“Commissioner Shoan has argued that the Investigator exhibited bias, but that is not the test to be used when examining whether an investigation was procedurally fair and proper. Actual bias need not be shown. The test this court has applied to investigative bodies, such as the Investigator here, is that they must not have a closed mind. Justice Richard in Bell Canada v Communications, Energy and Paperworks Union, [1997] FCJ No 207, 1997 CarswellNat 347 at para 31 (FCTD), articulated the test as follows: The standard of conduct which is applicable to those performing an adjudicative function is different from those performing a purely administrative or investigative function. In the case of an administrative or investigate function, the standard is not whether there is a reasonable apprehension of bias on the part of the investigator, but rather whether the investigator maintained an open mind, that is whether the investigator has not predetermined the issue.” [emphasis added]

Zinn found that the latter was true — they had proceeded with their minds made up, and that as a result, the investigation was flawed and should be overturned. In fact, Zinn referred to the investigation as a “witch hunt”. Among other things, Zinn found that the investigator

  • “appeared to be influenced by the reputation of the chairman”
  • appeared to follow the direction given by the chairman in his evidence as a witness
  • asked “heavily leading questions”
  • expanded the investigation well beyond the original scope, and requested and reviewed additional documentation beyond the time set out in their mandate
  • failed to critically and impartially analyze the impugned emails
  • seemed to accept the complainant’s evidence regarding the tone of the emails entirely, while discounting Shoan’s explanation
  • made a credibility finding despite stating that she would not do so
  • changed some of the wording in the conclusion of her report (while a witness described the impugned email as being “overly insulting” and “offensive”, in the conclusion, the investigator writes that the same witness found it “terribly insulting and atrocious”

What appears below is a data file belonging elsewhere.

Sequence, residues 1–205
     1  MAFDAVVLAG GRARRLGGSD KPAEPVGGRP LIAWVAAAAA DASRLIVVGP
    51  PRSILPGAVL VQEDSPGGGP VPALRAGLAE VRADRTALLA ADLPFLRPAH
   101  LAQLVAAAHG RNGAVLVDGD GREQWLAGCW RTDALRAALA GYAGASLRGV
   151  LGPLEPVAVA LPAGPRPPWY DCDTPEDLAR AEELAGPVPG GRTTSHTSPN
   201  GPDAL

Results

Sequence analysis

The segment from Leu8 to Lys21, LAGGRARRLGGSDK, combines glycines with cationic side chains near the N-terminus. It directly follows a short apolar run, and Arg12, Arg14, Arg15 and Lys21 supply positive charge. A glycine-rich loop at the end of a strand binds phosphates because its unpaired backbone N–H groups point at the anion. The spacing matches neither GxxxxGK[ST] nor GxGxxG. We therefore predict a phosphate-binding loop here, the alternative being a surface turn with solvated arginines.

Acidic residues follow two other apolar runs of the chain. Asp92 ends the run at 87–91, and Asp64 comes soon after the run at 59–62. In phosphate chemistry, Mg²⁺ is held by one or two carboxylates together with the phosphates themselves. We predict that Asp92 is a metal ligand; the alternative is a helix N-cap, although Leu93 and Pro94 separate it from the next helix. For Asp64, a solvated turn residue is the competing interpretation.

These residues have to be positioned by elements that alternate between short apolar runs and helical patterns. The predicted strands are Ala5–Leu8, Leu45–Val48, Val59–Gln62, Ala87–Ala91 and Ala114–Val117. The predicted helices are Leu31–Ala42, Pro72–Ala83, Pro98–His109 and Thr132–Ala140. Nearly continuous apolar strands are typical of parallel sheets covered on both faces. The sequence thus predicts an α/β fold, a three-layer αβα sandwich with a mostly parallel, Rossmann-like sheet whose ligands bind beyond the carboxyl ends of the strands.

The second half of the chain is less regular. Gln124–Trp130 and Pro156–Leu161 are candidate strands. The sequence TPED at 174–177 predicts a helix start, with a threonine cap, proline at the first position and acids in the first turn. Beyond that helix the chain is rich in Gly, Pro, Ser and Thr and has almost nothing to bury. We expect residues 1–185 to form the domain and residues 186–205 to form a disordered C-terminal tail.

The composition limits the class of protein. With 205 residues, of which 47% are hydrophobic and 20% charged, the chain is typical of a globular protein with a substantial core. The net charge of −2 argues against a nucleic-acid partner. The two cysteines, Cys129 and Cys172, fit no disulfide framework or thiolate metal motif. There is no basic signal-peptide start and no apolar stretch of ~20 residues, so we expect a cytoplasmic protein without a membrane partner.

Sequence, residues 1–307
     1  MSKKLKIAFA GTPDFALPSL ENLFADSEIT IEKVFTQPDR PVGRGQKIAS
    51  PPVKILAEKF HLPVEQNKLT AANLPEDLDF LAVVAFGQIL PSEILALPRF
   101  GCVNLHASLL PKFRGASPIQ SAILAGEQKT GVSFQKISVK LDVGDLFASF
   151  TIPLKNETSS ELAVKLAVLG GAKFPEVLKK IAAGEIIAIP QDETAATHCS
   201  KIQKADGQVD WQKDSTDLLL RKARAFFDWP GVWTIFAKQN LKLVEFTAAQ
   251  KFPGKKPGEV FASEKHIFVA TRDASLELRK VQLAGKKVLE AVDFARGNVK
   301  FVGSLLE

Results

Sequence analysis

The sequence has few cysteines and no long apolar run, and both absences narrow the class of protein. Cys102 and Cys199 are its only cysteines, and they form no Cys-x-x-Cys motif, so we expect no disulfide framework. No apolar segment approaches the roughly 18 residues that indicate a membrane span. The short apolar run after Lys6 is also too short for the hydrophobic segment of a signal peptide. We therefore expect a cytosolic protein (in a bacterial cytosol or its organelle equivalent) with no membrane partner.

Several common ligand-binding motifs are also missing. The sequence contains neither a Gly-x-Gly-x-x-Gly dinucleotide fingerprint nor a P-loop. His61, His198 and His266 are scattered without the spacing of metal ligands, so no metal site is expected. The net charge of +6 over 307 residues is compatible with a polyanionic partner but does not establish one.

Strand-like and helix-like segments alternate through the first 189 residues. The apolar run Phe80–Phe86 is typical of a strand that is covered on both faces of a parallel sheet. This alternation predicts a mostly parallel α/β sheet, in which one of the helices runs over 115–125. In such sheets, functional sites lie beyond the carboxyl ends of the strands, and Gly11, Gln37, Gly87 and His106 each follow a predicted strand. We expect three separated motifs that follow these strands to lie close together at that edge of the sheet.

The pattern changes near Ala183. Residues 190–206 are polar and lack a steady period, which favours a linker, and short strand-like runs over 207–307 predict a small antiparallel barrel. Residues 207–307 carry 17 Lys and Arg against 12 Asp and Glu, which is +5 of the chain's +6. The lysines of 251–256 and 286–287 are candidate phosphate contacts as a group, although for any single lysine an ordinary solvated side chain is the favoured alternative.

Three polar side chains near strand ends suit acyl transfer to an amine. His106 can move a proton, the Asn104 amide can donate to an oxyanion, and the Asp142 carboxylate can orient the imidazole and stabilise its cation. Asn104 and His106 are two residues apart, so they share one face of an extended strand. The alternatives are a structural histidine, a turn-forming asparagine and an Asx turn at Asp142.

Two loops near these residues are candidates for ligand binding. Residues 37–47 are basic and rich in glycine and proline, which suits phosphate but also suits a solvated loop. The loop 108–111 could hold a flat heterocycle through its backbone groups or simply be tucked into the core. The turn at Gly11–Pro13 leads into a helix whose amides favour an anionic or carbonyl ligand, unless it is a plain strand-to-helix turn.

• commented that Shoan’s comments may have violated the Canadian Human Rights Act, which was also outside the scope of the investigation.

Zinn also took note of the fact that the investigator’s notes were destroyed, writing that

given the potential for future application for judicial review of the report’s conclusions, one would reasonably expect that an experienced and impartial investigator would retain his or her notes, correspondence and audio recordings until well after the time limit for such an application.”

Not surprisingly, the decision, based upon the investigation report, was set aside (thereby saving Shoan’s job). Shoan was also awarded $30,000 in costs.

When I do presentations on the importance of investigations, I always stress that based on the case law, the hallmarks of a proper investigation include that it:

  • Be unbiased
  • Be thorough
  • Be timely
  • Be well documented
  • Contain defensible conclusions
  • Include recommendations & action items

Employers must understand that there is a significant distinction between an investigation and a prosecution. Retaining an investigator to obtain the proof necessary to fire someone is an improper mandate, and a good investigator will explain that. Even in the context of harassment allegations, employers can strongly state that they do not tolerate harassment while still ensuring that anyone accused of harassment is treated fairly. Failure to investigate, and investigate fairly, before taking action will lead to substantial liability.

© Copyright Canadian HR Reporter, Thomson Reuters Canada Limited. All rights reserved.

Stuart Rudner

Stuart Rudner, Employment Lawyer and MediatorStuart Rudner is the founder of Rudner Law (RudnerLaw.ca), a firm specializing in Employment Law and Mediation. He can be reached at stuart@rudnerlaw.ca, (416) 864-8500 or (905) 209-6999, and you can follow on Twitter @CanadianHRLaw.